Exact phrase, enclose in quotes:
“keyword phrase here”
Multiple words, separate with commas:
keyword, keyword

MAKER AND CRAFTSMAN, THE STORY OF DOROTHY L. SAYERS, by Alzina Stone Dale; Eerdmans Publishing Company, 1978; 158 pp., $8.95. (Reviewed by Prof. H. Hanko.) 

Although this biography of Dorothy Sayers is fairly comprehensive, it was somewhat disappointing. The disappointment arose, I think, from the fact that the author was fairly content to deal with mere factual data concerning Dorothy Sayers’ life, and made no effort to evaluate her life, her Christianity, or her place in the literary world. Nevertheless, for fans of Dorothy Sayers’ books, essays and other writings, this will be informative. If one is acquainted with Dorothy Sayers only through her writings, this book will hold some surprises. 

Dorothy Sayers is known for her writing of detective stories, her excellent translation of Dante’s Divine Comedy, her plays on the life of Christ, and her essays on religious subjects. She was a member of a circle of literati in England which included C. S. Lewis, George MacDonald, T. R. R. Tolkein, and others. 

CONCERNING SCANDALS, by John Calvin, Translated by John W. Fraser; Wm. B. Eerdmans Publishing Company, 1978; 119 pp., $6.95. (Reviewed by Prof. H. Hanko.) 

This is a new translation of a little known work of the great Genevan Reformer which was first published in 1550. It is not readily available elsewhere and is a welcome addition to anyone’s library. 

In the book Calvin treats of the many obstacles which prevent people from receiving the preaching of the gospel and which move them to speak evil of the gospel and the cause of the Church of Christ. There are, according to Calvin, offenses in the gospel itself. Among these are such things as apparent inaccuracies in Scripture, doctrines of original sin, predestination, etc. To all these Calvin gives answer. There are other offenses which arise when the gospel is publicly preached. These include the wicked lives which people live and the faults of members of the Church which are obstacles to the faith of some. The third class deals with the evil slanders of enemies of the gospel. Calvin answers all these and urges God’s people to overcome all obstacles while remaining faithful to the truth of Scripture.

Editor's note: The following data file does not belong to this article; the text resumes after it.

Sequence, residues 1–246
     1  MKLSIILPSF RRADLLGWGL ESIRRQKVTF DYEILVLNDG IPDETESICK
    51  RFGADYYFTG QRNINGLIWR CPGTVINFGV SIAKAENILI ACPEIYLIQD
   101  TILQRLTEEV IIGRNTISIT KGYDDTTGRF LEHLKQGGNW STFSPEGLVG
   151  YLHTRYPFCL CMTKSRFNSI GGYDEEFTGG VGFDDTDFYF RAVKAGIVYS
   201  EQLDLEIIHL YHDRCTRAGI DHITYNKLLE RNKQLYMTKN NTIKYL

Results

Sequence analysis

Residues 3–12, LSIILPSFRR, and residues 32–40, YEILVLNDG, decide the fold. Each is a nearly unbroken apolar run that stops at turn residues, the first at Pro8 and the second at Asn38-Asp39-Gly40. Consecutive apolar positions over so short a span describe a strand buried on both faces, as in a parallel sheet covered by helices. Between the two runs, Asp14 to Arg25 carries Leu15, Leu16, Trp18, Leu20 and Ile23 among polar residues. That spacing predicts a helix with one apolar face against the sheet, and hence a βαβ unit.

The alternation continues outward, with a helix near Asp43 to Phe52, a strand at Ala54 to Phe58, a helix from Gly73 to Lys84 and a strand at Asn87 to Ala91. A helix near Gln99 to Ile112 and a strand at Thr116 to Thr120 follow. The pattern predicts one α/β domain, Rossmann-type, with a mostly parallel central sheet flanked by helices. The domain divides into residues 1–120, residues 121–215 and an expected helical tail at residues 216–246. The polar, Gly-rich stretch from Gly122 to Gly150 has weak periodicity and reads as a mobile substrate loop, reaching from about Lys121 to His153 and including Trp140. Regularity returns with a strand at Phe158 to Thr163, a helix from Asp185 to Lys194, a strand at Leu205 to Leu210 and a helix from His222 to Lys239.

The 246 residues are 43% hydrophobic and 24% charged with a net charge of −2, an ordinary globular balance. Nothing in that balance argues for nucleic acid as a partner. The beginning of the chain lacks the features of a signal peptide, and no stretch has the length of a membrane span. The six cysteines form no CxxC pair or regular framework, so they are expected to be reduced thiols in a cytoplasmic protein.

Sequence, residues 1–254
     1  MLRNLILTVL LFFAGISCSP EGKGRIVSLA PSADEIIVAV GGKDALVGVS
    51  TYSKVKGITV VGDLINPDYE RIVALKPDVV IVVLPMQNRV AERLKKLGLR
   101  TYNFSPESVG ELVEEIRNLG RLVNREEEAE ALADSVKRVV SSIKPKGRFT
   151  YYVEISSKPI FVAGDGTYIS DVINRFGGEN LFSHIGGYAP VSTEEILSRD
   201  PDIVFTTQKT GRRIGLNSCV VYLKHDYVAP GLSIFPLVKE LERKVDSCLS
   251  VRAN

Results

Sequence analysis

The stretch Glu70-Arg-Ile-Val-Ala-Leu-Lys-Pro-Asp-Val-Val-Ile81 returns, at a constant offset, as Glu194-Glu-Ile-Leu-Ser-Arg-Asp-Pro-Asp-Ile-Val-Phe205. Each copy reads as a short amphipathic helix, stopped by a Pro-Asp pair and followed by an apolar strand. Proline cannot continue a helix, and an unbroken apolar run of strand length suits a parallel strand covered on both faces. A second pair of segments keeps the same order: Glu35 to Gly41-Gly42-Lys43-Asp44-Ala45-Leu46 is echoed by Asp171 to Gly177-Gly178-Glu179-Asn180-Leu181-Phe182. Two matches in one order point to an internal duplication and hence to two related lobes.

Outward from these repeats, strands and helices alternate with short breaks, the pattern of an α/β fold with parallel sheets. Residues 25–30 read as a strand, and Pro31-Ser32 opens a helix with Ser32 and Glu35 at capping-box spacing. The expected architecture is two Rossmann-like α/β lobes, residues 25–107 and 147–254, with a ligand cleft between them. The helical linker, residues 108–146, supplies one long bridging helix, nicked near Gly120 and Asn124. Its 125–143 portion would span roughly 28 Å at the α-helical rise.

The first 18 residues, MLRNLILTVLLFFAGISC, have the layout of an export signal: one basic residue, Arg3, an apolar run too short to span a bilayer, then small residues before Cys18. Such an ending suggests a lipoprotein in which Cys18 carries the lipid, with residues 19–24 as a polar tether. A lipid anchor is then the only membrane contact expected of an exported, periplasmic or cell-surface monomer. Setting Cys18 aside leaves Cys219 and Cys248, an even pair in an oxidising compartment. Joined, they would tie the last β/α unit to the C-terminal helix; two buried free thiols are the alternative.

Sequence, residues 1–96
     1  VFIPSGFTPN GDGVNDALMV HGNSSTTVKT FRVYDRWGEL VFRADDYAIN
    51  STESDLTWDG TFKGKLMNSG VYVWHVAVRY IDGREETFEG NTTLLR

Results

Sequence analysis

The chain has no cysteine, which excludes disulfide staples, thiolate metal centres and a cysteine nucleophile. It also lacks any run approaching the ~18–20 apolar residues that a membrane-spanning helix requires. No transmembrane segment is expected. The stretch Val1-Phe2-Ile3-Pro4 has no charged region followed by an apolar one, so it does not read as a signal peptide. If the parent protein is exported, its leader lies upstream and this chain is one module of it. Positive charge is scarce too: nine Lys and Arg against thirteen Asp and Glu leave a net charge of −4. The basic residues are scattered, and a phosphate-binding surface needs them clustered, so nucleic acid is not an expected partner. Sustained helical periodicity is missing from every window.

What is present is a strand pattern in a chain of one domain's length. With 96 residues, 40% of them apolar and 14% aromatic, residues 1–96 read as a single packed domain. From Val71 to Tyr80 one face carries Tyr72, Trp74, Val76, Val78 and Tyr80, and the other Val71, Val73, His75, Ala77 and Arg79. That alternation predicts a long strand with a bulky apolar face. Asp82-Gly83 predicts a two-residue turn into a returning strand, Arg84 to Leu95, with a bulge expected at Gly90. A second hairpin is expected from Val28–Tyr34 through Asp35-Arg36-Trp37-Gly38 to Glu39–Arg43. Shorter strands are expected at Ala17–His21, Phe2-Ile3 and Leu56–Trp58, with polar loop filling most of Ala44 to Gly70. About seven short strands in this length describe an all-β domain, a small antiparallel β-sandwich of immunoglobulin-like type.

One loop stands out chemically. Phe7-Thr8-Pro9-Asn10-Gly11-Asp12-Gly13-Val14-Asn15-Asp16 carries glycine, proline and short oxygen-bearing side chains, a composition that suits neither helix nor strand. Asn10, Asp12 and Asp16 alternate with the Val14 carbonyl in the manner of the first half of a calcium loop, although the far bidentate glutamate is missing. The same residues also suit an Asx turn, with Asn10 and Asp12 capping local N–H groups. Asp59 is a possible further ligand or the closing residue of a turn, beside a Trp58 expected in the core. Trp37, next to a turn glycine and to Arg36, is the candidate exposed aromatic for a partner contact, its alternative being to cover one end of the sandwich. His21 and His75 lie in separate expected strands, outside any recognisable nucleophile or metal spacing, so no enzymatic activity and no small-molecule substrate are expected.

The writing is pertinent for our day and will benefit all those who read it—as the writings of Calvin always do. The book is an eloquent, polemical defense of the Reformation. By all means get it and read it. 

THEOLOGICAL DICTIONARY OF THE OLD TESTAMENT, VOL. III, Edited by G. Johannes Botterweck and Helmer Ringgren, Translated by John T. Willis, Geoffrey W. Bromiley, David E. Green; Wm. B. Eerdmans Publ. Co., Grand Rapids, Mich.; 463 pages, $18.50 (cloth). (Reviewed by Prof. H. C. Hoeksema) 

This is the third of a projected twelve volumes in this series. It covers the Hebrew words from gillulim toharas. This is, of course, not a work for the general public, nor a book which one simply sits down and reads and studies from cover to cover. It is a source book and a tool for the Old Testament student. 

Works of this kind, highly technical and detailed, will, I think, hardly serve to kindle the interest of students in Old Testament studies. If, however, such an interest is already present—and there is all too little of such interest—a work of this kind will indeed serve to feedthat interest. 

However, I must issue a word of caution: this work is loaded with higher criticism, and it must be used with great discretion. 

If you can afford the price of a volume like this, you will do well to purchase it. The purchase of these volumes one by one as they appear will be less painful than paying the price for the entire set when it is complete. This is not intended as criticism of the price of this book: it is obviously expensive to publish highly technical books of this kind for a rather limited market.